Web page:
Should apps include the app store fees in their subscription prices?
And why Twitter's approach is probably not the model to follow.
I recently came across this Tweet and it got me thinking about a question many subscription app creators are going to face.
In case you missed it, back in November, Twitter launched Twitter Blue, a subscription service designed to reduce the platform’s reliance on ad revenue. In return, users get a blue checkmark and a modest selection of additional features.
It launched for the now infamous price of $8 and did so spectacularly badly. And apparently, no one told Elon that the app stores take a cut of app revenue. So in the infinite wisdom of his rocket galaxy brain, Elon relaunched the service at the price of $11 for iOS users and (still) $8 on the web. The new iOS pricing of $11 per month almost accounts for the 30% cut Apple takes.
App creators, upon realizing that Apple and Google are going to take a decent chunk of subscription costs, can be forgiven for feeling more than a little robbed.
Should more companies follow Twitter’s lead?
I think that you should almost never do this.
The exception is when there’s some sort of hard unit economics target that needs to be hit. Take Spotify, for example. Spotify has to pay out royalties to artists and they need a certain amount of cleared cash off of each subscription because they pay, essentially, a unit price to their artists per user. If they don’t have that, they’re losing money, and that’s clearly not going to work.
In the case of Twitter Blue, as far as I’m aware, there are no unit economics calculations at play. Is $8 per month for Twitter Blue even the right price to begin with? Paddle published an interesting article discussing the problem with $8 per month and why there are likely to be better pricing strategies for the company. But crucially, for Twitter, while there may be some longtail implications where it incurs extra costs, for the most part, it has zero incremental marginal cost.
If that is indeed the case, I do not understand why they’re doing this. And when it comes to maximizing revenue, this is just as likely to set them back. There’s a couple of reasons why.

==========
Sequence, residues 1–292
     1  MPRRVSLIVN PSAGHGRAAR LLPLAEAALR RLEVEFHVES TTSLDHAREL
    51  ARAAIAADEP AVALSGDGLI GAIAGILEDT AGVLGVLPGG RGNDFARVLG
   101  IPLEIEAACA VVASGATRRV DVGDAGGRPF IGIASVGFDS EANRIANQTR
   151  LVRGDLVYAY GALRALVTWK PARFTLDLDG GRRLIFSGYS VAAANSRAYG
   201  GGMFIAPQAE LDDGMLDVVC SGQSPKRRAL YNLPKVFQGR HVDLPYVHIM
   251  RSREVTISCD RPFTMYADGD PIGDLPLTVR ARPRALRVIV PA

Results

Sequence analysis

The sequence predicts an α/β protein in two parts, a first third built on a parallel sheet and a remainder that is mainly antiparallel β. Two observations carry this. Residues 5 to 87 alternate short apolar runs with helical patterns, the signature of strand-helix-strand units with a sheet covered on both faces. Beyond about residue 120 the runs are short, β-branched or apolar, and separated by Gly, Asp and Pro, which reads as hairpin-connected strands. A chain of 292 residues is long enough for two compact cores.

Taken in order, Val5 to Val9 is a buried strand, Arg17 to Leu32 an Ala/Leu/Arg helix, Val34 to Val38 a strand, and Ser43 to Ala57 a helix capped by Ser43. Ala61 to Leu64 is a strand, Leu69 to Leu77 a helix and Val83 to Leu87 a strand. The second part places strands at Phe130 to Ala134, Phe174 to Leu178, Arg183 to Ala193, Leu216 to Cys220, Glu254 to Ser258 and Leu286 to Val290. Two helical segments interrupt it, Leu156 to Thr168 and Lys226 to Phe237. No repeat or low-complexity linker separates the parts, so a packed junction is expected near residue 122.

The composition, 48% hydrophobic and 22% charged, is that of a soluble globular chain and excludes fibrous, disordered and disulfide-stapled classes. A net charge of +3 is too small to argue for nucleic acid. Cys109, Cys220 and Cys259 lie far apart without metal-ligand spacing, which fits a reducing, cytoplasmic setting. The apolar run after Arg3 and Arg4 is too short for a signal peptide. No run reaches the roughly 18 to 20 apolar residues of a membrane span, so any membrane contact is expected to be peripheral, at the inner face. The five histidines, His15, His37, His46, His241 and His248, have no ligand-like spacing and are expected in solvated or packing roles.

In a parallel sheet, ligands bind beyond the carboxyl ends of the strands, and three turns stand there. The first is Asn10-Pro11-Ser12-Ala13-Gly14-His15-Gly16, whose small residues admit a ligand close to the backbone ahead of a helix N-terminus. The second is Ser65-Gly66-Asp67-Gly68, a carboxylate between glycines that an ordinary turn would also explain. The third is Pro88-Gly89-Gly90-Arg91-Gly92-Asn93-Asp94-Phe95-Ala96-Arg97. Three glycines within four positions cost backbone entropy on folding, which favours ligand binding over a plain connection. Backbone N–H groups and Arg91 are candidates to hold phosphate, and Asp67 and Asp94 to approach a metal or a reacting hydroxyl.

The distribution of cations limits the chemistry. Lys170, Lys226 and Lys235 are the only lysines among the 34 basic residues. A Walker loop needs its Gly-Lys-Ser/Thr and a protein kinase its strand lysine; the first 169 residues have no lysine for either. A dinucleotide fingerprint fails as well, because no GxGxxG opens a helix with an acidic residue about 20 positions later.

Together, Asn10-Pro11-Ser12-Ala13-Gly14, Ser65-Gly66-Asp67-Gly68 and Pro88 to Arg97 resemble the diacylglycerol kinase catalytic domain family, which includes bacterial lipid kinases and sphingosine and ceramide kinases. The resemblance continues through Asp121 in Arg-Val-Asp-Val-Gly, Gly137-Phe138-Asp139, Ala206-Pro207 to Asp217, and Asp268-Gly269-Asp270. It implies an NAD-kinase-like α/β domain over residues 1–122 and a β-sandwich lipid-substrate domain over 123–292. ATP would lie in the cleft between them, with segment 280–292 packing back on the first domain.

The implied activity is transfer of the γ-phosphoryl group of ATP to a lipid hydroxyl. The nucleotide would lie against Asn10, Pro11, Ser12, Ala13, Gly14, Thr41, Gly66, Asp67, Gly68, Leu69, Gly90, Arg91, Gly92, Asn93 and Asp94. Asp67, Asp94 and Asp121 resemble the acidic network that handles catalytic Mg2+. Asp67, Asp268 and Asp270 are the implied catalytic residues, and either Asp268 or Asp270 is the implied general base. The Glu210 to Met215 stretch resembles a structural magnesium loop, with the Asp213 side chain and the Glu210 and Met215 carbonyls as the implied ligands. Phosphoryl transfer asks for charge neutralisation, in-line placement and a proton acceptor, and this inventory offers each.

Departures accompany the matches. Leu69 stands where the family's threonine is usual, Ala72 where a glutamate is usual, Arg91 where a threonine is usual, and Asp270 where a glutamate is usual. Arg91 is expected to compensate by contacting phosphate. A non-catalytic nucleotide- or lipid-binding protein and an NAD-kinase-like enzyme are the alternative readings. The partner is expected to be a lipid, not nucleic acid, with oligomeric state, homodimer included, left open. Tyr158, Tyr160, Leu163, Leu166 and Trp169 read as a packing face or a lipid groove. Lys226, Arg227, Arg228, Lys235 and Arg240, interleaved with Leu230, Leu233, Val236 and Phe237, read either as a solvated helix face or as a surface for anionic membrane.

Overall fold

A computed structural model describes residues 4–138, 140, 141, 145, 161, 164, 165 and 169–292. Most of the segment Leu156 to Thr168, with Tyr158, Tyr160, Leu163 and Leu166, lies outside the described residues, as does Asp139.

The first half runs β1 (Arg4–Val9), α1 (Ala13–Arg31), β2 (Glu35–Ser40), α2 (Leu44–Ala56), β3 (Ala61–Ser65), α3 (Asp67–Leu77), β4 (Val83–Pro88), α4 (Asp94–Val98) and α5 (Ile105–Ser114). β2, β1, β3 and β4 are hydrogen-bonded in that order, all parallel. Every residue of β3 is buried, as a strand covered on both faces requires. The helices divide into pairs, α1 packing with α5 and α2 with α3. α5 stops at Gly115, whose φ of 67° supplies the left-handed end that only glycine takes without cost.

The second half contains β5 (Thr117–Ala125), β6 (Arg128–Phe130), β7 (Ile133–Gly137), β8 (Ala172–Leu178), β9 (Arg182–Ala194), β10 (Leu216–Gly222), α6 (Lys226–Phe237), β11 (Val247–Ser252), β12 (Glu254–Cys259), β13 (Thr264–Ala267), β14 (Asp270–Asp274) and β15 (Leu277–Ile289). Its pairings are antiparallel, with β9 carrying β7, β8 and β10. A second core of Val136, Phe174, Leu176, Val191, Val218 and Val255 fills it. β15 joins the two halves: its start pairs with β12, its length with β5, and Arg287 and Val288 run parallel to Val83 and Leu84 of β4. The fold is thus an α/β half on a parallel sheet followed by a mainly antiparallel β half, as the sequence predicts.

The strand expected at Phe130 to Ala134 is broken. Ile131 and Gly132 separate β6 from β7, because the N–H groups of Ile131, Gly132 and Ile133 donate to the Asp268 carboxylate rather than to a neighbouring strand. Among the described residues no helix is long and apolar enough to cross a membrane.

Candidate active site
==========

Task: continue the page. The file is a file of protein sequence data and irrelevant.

The elasticity of demand
Firstly, there is price elasticity. You can see in the tweet and the replies, people are complaining that it’s kind of silly to be paying $8 per month in the first place. And people are rational when it comes to paying for things. The more expensive a thing becomes, the less likely they are to pay for it. I think back to economics 101 and price elasticity curves. As you increase the price of something, the demand will decrease and fewer people will buy it. Your revenue will increase to a point, but as you increase the price further beyond that point, total revenue will then decrease.
Unless you’ve done a bunch of price testing, you often don’t know what side of that curve you are on. And I don’t think Elon and Twitter have done a bunch of price testing to know that $8 is the sweet spot. Increase it to $11 and Twitter might have pushed themselves over that hump, at which point they will sacrifice revenue.
Do what’s right for users
The second reason why this change is likely to hurt Twitter is because it is just not user friendly. Also in the replies to that Tweet, you’ll see people justifying the price change by not only repeating the narrative that Twitter must do this to counteract the app store fees, but by saying that users can simply go and subscribe via the web to get back that magic $8 per month figure.
Very few people will either care that much or even know to go and subscribe via the web instead. And the App Store is a major distribution channel for Twitter. Why should anyone who downloads the mobile app think to achieve a cheaper price somewhere other than the app?
Treat your users with respect.
Eat the fees
Unless there’s a unit economics reason not to, eat the app store fees as opposed to charging your customers more.
It’s going to become very hard for Twitter to talk about pricing now. Regardless of whether $8 per month was the right figure, at least it was clean and simple to talk about. That is no longer the case.
It’s a natural reaction that a lot of founders and app creators have, feeling that they’re getting screwed by the app stores. But you have to remember that your users are important. Very important. And pricing changes will rarely have the effect that you think they will have.